April 7/14 State DI

April 12-14 State SkillsUSA

April 13-14 Conference Baseball

April 18 Conference Art Show

April 19-20 District Music

April 23 FFA Banquet

April 24 6th-8th spring concert

April 28 Conference track

April 29 FBLA Banquet

April 30 9th-12th spring concert

April 30 JH Home Track Invite

Graduation May 12th at @ 2 PM

Plant & Seed Sale

The easiest way to create a beautiful patio planter/pot is to begin with these categories of plants: thriller, filler and spiller. "You want to have a bold, upright, architectural plant; that's the thriller," says garden designer Steve Silk. "It really gets your attention." The filler is the plant with medium height in the pot, or the next step down from the thriller. The spiller tumbles out of the edge of the container and falls toward the ground.

When considering plants to use as your thrillers, fillers and spillers, think about their texture, fragrance and color combinations. Individually, each plant conveys color, texture, shape, and dazzle. Yet when combined in one container or a grouping of pots, examine how the plants interact with each other. Do certain colors in one plant bring out subtle complementary colors in another? How do the various leaf shapes, sizes and textures carry through the container plantings? Is there an underlying theme that connects all the plants together? Source www.hgtv.com

All RCPS plant and seed orders are due by Friday, April 6, 2018 to ensure the data is entered and plants are ordered. Unfortunately, no late sales will be accepted this year.

The RCPS Plant & Seed Sale will be held Saturday, April 28 from 9am-2pm at the Valparaiso site. Pre-ordered plants must be picked up by 12 noon the day of the sale. Plants leftover will be considered a donation to the open sale. Please check in with Mrs. Carlson prior to picking up your plants when you enter the building on Saturday morning. If you have several orders to pick up, ask your customers to pay a $5 pre-package fee when ordering. All prepackaged orders will be boxed and ready to go in the lunchroom for ease and convenience starting at 9am Saturday morning.

Junior High Track Looks Forward to Success This Season

There are 45 kids participating in junior high track in 2018. Practice began on March 8th. Our first meet will be the Milford Relays hosted by Malcolm High School because Milford's track is under repair. The kids will participate in eight meets and Raymond Central will host two meets this season. On April 16th we will host the Raymond Central Triangular and on April 30th we will host the Raymond Central Invite. The coaches and kids are excited this year for another successful season.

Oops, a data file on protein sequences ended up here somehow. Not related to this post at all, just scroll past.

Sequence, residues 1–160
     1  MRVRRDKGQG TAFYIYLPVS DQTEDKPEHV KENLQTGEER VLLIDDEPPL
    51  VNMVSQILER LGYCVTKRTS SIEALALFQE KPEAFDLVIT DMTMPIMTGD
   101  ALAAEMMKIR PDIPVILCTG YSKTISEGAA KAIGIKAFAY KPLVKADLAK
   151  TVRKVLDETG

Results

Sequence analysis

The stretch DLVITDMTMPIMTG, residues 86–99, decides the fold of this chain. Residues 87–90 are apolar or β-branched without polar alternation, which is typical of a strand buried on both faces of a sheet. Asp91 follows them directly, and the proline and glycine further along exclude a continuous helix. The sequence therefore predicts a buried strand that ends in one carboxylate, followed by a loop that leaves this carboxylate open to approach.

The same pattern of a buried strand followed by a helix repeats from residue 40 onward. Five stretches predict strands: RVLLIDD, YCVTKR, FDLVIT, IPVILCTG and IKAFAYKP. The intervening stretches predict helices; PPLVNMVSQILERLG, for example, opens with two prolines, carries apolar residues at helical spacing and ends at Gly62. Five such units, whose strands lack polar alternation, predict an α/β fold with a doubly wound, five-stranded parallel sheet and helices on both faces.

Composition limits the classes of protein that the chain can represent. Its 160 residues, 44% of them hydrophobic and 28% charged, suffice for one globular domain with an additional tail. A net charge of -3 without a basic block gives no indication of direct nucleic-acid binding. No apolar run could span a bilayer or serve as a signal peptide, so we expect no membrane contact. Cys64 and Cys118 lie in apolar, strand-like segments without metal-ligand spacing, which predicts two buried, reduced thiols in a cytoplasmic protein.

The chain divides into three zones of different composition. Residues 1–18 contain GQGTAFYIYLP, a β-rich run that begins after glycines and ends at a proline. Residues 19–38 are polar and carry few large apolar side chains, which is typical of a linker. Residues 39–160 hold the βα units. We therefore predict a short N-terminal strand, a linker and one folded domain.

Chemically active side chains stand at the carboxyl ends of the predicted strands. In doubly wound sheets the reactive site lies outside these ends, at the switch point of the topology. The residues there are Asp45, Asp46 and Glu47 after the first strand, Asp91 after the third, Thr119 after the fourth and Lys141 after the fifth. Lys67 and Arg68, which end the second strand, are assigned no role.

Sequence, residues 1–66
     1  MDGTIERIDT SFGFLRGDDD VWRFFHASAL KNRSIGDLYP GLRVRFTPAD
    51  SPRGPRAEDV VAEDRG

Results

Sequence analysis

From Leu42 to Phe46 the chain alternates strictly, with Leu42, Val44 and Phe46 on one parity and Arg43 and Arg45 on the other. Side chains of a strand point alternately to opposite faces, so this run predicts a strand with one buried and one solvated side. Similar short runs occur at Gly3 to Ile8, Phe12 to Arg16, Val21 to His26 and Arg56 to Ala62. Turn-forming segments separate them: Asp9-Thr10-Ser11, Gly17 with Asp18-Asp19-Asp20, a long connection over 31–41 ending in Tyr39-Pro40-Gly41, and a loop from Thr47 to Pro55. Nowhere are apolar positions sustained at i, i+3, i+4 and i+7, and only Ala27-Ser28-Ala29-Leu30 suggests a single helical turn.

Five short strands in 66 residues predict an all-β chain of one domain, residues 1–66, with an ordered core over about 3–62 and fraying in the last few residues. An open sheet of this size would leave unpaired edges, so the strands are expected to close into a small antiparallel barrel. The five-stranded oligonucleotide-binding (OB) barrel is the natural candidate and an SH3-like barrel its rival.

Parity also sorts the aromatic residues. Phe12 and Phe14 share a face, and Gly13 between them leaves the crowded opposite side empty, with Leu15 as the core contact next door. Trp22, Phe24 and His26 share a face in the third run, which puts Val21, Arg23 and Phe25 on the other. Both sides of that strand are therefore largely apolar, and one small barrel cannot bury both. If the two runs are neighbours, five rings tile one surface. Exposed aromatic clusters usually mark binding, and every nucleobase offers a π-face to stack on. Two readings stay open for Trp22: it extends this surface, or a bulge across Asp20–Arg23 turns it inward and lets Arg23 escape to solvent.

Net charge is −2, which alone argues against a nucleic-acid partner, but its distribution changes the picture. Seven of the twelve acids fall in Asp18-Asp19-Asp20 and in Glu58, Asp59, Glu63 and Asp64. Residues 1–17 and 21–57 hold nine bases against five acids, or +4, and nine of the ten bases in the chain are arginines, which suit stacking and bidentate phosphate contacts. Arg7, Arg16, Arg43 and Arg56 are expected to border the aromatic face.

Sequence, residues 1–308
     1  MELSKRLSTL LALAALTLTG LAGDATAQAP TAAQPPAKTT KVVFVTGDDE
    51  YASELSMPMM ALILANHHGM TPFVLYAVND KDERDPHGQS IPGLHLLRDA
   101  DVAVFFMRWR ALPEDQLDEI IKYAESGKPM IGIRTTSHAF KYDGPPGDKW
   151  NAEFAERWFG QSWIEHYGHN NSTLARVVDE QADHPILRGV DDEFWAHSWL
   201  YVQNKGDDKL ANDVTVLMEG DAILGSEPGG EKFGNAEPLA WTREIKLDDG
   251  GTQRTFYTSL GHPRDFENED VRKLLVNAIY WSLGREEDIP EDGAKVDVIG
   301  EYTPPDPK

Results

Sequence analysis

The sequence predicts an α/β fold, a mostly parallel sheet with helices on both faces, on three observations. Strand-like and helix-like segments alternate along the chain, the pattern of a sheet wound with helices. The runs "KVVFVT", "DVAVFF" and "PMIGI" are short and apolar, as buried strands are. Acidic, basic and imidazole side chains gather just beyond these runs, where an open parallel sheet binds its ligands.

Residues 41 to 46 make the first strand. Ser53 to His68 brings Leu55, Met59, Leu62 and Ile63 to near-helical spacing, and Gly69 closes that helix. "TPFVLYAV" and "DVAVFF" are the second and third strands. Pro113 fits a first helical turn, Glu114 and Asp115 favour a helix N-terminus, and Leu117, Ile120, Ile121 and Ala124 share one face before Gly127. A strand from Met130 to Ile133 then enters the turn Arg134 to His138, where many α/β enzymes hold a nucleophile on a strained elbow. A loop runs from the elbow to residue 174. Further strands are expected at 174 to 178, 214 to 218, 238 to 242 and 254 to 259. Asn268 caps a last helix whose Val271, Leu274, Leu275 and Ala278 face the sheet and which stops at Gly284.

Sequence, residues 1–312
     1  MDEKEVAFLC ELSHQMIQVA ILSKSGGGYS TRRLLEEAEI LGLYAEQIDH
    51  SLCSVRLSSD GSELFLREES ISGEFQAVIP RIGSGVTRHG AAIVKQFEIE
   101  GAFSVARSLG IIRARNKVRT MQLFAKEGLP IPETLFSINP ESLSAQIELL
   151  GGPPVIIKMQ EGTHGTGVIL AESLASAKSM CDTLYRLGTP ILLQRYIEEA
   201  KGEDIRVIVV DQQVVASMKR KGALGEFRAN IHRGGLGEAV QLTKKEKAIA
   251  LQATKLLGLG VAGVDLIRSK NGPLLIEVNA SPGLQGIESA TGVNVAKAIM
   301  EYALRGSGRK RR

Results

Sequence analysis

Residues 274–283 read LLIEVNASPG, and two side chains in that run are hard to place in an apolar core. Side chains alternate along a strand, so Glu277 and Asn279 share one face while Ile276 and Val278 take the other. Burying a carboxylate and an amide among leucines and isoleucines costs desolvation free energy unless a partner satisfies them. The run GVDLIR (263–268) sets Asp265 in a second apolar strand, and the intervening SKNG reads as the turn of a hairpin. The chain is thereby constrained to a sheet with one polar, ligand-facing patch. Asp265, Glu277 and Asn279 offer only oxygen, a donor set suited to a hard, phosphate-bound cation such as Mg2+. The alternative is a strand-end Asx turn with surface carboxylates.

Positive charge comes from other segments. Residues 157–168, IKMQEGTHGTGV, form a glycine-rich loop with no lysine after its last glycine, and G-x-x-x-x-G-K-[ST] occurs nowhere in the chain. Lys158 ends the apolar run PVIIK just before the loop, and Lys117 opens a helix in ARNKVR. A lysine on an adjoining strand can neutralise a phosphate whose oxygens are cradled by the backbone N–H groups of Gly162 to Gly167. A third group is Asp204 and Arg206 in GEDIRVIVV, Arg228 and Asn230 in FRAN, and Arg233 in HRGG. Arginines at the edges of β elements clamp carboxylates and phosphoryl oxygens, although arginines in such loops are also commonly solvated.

Recent FBLA News

Central FBLA members recently attended the Midland University Business Competition. Central placed third as a team behind Waverly and Arlington. Members placing for Central were Logan Parde 1st - Intro to Business, Connor Nichols 1st - FBLA Principles, Madison Stover 2nd - Job Interview, Sydnie Blanchard 2nd - Intro to Business, Tucker Randall 3rd - Job Interview, Connor Nichols 3rd - Intro to Financial Math, Madison Stover 3rd - Accounting I, Hailey Hula 4th - Business Communications, Trevor Oldfield 5th - Business Calculations, Megan Lange 5th - FBLA Principles, and Hailey Hula 5th - Accounting I. At the UNL American Business Competition Connor Nichols placed 3rd in FBLA Principles, Tucker Randall 5th in Job Interview, and Kelbie Schnieder 5th in Marketing.

Picture Caption: Hailey Hula, Madison Stover, Tucker Randall, Trevor Oldfield, Megan Lange and Connor Nichols display their certificates and trophies from Midland.

FFA News

State Proficiency Results

Makenzi Isaac-State Finalists for Food Science & Technology

Kale Strizek-State Finalists for Sheep Production